‘His Grief Is the Plague’ : Poetry of Loss and the Risk of Losing One’s Readers
This article discusses the book Lalomanu, a selection of poetry by Spanish-Australian writer, Jorge Salavert, written in response to the death of his daughter Clea in the tsumani that struck Samoa just after dawn on 29 September 2009. Salavert’s poetry is an attempt to come to terms with catastrophe, personal loss and grief. The poet knows that for many, a literature of grief and pain may produce not understanding or even empathy, but a turning away. In the haiku “Unmanageable” Salavert writes: “His grief is the plague. / Pain is too raw to handle. / Silence prevails.” For some readers, this literature of grief and mourning may move them only to the extent that they keep their distance; they do not respond, or do not even read, in order to avoid being affected by this very personal pain. And yet, in its expressions of grief and mourning, Salavert’s poetry also has the potential to move readers in ways that extend far beyond the personal. The majority of the collection appears in English, but a number of the poems appear in bilingual form, either Spanish and English, or Catalan and English, and this multilingual format, I will argue, is especially important in relation to the poet’s mourning. This essay's reading of Lalomanu is organised around three central concerns: literature and mourning; mourning and language; and the social engagement resulting from a literature of mourning. [Author’s abstract]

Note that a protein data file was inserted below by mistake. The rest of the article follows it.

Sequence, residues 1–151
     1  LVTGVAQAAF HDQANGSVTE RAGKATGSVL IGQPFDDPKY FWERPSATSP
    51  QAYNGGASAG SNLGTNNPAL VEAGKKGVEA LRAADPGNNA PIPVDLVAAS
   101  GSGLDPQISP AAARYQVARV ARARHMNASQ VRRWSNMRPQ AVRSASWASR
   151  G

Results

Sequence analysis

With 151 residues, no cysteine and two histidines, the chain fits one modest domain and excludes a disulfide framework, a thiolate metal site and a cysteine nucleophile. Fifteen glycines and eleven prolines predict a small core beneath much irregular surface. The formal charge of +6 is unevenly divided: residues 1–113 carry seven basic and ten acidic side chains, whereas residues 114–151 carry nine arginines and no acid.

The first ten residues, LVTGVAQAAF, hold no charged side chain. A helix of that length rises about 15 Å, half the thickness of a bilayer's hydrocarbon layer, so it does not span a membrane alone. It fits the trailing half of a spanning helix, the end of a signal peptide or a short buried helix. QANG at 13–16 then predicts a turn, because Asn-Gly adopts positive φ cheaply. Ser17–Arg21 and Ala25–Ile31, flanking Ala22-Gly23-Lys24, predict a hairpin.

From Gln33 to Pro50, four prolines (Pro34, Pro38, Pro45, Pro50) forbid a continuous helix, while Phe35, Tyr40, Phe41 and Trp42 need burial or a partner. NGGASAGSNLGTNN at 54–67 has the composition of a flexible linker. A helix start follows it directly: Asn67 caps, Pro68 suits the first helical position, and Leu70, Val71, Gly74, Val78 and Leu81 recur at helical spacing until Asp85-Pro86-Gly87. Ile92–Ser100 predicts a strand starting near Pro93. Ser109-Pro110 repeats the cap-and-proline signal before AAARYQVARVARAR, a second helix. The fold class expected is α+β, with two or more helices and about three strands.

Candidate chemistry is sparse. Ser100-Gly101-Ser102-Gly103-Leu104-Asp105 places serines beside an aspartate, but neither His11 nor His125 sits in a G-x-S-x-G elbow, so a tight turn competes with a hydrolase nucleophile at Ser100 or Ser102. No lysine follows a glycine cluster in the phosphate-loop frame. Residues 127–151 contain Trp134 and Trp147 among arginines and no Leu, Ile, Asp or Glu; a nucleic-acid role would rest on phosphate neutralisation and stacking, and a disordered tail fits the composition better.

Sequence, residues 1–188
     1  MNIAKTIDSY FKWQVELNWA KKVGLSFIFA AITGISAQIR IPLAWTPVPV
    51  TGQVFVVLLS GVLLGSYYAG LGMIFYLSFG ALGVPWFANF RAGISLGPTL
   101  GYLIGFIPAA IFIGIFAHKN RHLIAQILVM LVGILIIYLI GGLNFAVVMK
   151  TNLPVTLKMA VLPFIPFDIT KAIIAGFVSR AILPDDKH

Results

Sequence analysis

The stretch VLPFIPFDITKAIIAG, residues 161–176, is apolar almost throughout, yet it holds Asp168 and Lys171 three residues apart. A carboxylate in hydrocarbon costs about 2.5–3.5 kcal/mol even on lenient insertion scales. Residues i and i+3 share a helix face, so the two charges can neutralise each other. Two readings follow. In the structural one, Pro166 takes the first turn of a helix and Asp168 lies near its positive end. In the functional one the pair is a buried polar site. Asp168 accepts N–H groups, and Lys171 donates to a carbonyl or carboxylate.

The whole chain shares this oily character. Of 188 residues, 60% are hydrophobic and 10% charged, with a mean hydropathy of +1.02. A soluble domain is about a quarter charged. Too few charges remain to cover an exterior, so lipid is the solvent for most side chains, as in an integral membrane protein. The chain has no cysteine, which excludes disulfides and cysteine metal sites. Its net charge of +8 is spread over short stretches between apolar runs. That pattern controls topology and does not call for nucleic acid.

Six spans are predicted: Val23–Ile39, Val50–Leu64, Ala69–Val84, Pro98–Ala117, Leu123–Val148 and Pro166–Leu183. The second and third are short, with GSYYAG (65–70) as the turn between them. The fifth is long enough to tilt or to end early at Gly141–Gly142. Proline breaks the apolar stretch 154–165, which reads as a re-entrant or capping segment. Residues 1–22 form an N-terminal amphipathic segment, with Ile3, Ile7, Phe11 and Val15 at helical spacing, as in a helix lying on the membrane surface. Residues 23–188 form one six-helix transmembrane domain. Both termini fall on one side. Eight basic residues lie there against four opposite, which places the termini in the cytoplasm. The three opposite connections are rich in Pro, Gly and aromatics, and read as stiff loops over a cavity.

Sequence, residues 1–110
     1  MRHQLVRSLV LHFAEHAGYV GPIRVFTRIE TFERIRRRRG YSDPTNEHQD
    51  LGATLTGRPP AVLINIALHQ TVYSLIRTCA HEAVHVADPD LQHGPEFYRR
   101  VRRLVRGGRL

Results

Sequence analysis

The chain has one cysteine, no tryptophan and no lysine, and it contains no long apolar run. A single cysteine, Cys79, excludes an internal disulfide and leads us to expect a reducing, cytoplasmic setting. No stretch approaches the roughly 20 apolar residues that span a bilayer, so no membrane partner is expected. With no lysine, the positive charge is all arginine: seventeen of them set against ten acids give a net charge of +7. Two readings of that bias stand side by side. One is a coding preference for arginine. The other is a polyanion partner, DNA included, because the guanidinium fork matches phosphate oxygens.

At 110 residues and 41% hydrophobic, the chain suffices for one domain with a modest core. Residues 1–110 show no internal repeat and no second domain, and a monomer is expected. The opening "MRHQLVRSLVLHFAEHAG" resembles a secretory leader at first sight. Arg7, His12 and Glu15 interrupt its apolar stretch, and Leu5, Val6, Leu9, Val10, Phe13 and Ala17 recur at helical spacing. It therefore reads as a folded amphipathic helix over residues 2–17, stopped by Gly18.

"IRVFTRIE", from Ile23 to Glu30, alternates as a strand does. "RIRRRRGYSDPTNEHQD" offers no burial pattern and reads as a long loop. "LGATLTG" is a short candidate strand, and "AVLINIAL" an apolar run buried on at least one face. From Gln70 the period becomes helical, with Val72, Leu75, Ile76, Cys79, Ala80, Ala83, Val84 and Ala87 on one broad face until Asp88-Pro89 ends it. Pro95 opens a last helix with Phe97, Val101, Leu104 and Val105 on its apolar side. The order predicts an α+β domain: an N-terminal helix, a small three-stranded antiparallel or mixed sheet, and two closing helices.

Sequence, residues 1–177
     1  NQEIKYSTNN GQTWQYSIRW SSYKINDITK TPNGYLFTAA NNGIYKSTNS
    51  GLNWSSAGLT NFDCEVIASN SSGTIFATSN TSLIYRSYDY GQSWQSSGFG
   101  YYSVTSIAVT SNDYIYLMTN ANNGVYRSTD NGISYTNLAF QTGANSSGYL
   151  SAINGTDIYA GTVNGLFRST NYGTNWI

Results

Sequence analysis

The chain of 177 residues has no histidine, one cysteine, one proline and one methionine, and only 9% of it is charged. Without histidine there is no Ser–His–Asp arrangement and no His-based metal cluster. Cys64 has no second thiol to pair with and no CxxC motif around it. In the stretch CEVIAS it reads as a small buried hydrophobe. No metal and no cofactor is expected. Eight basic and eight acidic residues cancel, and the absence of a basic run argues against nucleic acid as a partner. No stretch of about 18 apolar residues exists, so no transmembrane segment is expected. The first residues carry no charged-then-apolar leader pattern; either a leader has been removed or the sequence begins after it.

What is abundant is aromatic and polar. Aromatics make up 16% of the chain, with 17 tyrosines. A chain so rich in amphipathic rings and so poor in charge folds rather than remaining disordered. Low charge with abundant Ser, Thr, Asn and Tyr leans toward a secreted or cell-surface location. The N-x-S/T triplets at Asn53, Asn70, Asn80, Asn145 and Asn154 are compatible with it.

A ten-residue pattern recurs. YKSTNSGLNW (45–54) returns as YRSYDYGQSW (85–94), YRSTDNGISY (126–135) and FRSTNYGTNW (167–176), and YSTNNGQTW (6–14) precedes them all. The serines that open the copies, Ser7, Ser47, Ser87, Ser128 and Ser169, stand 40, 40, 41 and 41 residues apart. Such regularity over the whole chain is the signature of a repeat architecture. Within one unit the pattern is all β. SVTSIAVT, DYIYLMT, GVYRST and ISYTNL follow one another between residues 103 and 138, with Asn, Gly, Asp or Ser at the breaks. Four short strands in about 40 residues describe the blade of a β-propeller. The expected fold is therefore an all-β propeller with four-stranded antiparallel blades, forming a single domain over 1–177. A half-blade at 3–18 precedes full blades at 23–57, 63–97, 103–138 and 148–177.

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Published 1 November 2013 in Volume 28 No. 4. Subjects: Australian poetry, Death of a loved one, Fathers & daughters, Language & identity, Migrant literature & writers, Mourning, Multilingual literature, Tidal waves.